I haven’t written here recently (sorry, Mitch!), mostly because I did a fair amount of traveling in August. I attended my high school reunion in the wilds of Wisconsin, then a week later headed east to a family wedding in the Hocking Hills region of Ohio (highly recommended, by the way).
In the course of my travels, I spent time in six different states — Wisconsin, Iowa, Missouri, Illinois, Indiana, and Ohio. Given that the howling over the dread Delta Variant has been in full effect for much of the summer, I was particularly interested in what I would see in my travels. Were people paying attention to the renewed demands for masking and social distancing? Were the entreaties of the Powers That Be having any effect?
Not a chance.
My high school reunion had over 100 attendees, a good result for a class with 144 surviving members. Classmates returned to my Wisconsin home town from California, Washington state, Colorado, Maryland, and New York, among other places. One classmate arrived masked, but took his mask off about 15 minutes into the festivities. The venue was a local brewery with a beer hall and the entire event was indoors. My masked classmate was the only person I saw wearing a mask all weekend, outside of some of the staff at the hotel. Social distancing? Not much of that, either — as you would expect at a high school reunion, it was hugs galore.
The following week was the family wedding; we took a convoluted path so we could pick up our college-age daughter, who attends school in Missouri. We stopped in Waterloo, Iowa, for lunch — not a mask in sight. We got gas in Hannibal, Missouri — no masks at all. Our overnight hotel was in downstate Illinois — again, no masks or social distancing in sight, and a full buffet breakfast available. We stopped for lunch in Indiana — again, no masks anywhere. We gassed up again on the Indiana/Ohio border, in a town that looked like nothing had changed since 1978. No masks. We reached our destination — no masks at the hotel. We had an out-of-town guest reception — saw every face in the place.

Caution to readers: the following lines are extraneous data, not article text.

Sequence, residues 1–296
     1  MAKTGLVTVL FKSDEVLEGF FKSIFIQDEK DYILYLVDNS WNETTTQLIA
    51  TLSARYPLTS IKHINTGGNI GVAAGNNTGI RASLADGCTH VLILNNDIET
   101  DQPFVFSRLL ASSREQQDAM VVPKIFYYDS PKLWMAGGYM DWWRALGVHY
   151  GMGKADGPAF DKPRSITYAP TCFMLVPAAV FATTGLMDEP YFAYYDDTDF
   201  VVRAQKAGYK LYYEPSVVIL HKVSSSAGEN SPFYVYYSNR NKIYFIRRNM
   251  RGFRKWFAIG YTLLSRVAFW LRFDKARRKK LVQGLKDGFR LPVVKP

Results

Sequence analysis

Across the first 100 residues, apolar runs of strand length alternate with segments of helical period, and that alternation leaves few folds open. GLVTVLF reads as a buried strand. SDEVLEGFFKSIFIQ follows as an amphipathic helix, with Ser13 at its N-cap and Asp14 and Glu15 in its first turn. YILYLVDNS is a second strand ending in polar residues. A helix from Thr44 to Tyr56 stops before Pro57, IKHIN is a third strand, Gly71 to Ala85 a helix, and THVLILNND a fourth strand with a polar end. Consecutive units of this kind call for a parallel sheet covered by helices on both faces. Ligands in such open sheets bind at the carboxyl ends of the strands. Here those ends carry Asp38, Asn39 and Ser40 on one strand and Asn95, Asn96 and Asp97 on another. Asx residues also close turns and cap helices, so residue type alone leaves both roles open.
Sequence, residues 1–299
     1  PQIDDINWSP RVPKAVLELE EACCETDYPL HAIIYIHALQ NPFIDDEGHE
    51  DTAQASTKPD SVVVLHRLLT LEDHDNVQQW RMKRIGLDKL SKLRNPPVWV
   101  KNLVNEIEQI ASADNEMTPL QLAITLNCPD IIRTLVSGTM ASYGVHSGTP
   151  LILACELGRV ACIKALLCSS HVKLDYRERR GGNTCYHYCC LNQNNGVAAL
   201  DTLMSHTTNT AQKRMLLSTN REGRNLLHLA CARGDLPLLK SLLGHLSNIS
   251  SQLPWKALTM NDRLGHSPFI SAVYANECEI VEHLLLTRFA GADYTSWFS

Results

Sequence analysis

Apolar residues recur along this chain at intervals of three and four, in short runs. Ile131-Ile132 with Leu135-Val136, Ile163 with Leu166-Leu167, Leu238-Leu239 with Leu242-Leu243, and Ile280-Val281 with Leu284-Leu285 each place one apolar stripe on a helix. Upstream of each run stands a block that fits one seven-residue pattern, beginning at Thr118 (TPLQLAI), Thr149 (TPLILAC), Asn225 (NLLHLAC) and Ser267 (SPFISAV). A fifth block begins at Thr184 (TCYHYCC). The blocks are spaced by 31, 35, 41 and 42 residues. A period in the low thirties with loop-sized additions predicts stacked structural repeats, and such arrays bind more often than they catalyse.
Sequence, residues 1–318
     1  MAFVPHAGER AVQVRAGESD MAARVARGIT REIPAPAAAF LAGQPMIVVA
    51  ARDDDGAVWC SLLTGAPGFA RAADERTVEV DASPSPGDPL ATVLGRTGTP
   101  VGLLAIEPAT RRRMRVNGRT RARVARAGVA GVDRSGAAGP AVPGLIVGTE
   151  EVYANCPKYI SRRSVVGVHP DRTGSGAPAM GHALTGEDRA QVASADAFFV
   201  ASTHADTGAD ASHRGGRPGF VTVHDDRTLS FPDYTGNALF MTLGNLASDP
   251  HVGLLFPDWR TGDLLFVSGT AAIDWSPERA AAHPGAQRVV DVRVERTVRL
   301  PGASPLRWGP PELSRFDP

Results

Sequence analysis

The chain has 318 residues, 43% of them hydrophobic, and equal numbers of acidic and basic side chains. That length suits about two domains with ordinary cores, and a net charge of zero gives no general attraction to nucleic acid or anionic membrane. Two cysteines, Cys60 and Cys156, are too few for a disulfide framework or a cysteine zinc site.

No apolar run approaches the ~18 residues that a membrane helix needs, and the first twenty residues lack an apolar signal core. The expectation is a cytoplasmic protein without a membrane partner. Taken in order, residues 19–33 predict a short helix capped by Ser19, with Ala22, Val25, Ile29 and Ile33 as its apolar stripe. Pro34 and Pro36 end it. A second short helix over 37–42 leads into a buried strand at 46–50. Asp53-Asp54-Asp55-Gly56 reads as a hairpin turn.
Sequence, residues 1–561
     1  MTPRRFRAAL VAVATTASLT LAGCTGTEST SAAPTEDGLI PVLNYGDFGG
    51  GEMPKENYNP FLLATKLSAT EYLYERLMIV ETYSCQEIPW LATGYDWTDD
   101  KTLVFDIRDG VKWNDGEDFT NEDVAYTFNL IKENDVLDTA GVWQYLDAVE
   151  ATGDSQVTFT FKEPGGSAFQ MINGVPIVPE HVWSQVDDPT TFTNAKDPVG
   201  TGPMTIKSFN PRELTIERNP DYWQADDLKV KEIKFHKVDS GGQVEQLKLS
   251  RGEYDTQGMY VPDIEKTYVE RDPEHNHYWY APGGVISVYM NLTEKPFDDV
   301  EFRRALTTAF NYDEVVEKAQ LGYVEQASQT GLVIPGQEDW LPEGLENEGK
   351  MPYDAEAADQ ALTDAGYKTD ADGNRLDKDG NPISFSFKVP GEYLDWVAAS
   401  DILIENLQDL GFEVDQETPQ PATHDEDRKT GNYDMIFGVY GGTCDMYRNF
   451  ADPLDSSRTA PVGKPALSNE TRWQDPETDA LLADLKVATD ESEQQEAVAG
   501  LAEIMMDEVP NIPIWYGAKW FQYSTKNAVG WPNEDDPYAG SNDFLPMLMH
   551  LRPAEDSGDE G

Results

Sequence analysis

The wedding the following day was wonderful — joyous, raucous, with an open bar and food trucks from Columbus for the meal. There were probably 250 people in attendance; not a soul was wearing a mask. It was an outdoor event, but if social distancing was a factor, no one seemed to realize it. Nothing changed on the return trip. No mask? No problem!
Over this past weekend, we attended the Great Minnesota Grease Together. Everyone had to mask up on the shuttle buses, but once we were at the fair, mask wearing was about 1%, even in the queues for a Sweet Martha bucket before leaving the fairgrounds.
We are reminded daily the Delta Variant is still in full swing, an implacable foe, with future variants lined up like planes in a holding pattern at O’Hare; Mu is coming next, and all the other letters of the Greek alphabet are getting ready to ravage the countryside, so many that we’re likely to run out of letters eventually. Presumably another naming convention waits in the wings — perhaps future variants can be named after Kentucky Derby winners (the “Seattle Slew Variant” perhaps), assuming we can independently verify that neither the horses nor their jockeys ever used Ivermectin. As anyone with a television or a smart phone knows, the hectoring and self-congratulatory moral tutelage continue unabated, all of it fact-checked, verified, or otherwise given the J.D. Power award and a MacArthur Foundation genius grant.
But you know what? Even after a summer of harangues and a phalanx of Tik-Tok Cassandras, people are doing as they please, at least here in flyover land.
Yes, yes, everything I’m presenting here is anecdotal, but current behaviors are easy to observe and if a skeptic made a similar sojourn, the skeptic would see the same things. There will remain a cohort of those who follow every word and every directive from Drs. Fauci, Osterholm and their colleagues. Most readers of this feature likely see social media posts featuring our bien pensant betters dutifully wearing their masks and keeping a yardstick or two between them as they struggle to take a selfie. And that’s fine — let your freak flags fly!
In the end, though, it’s highly likely the Safety Dance is over, unless our betters are willing to force compliance. What’s been happening in Australia has given me pause, but mandates and lockdowns will be difficult to enforce. And our betters know it.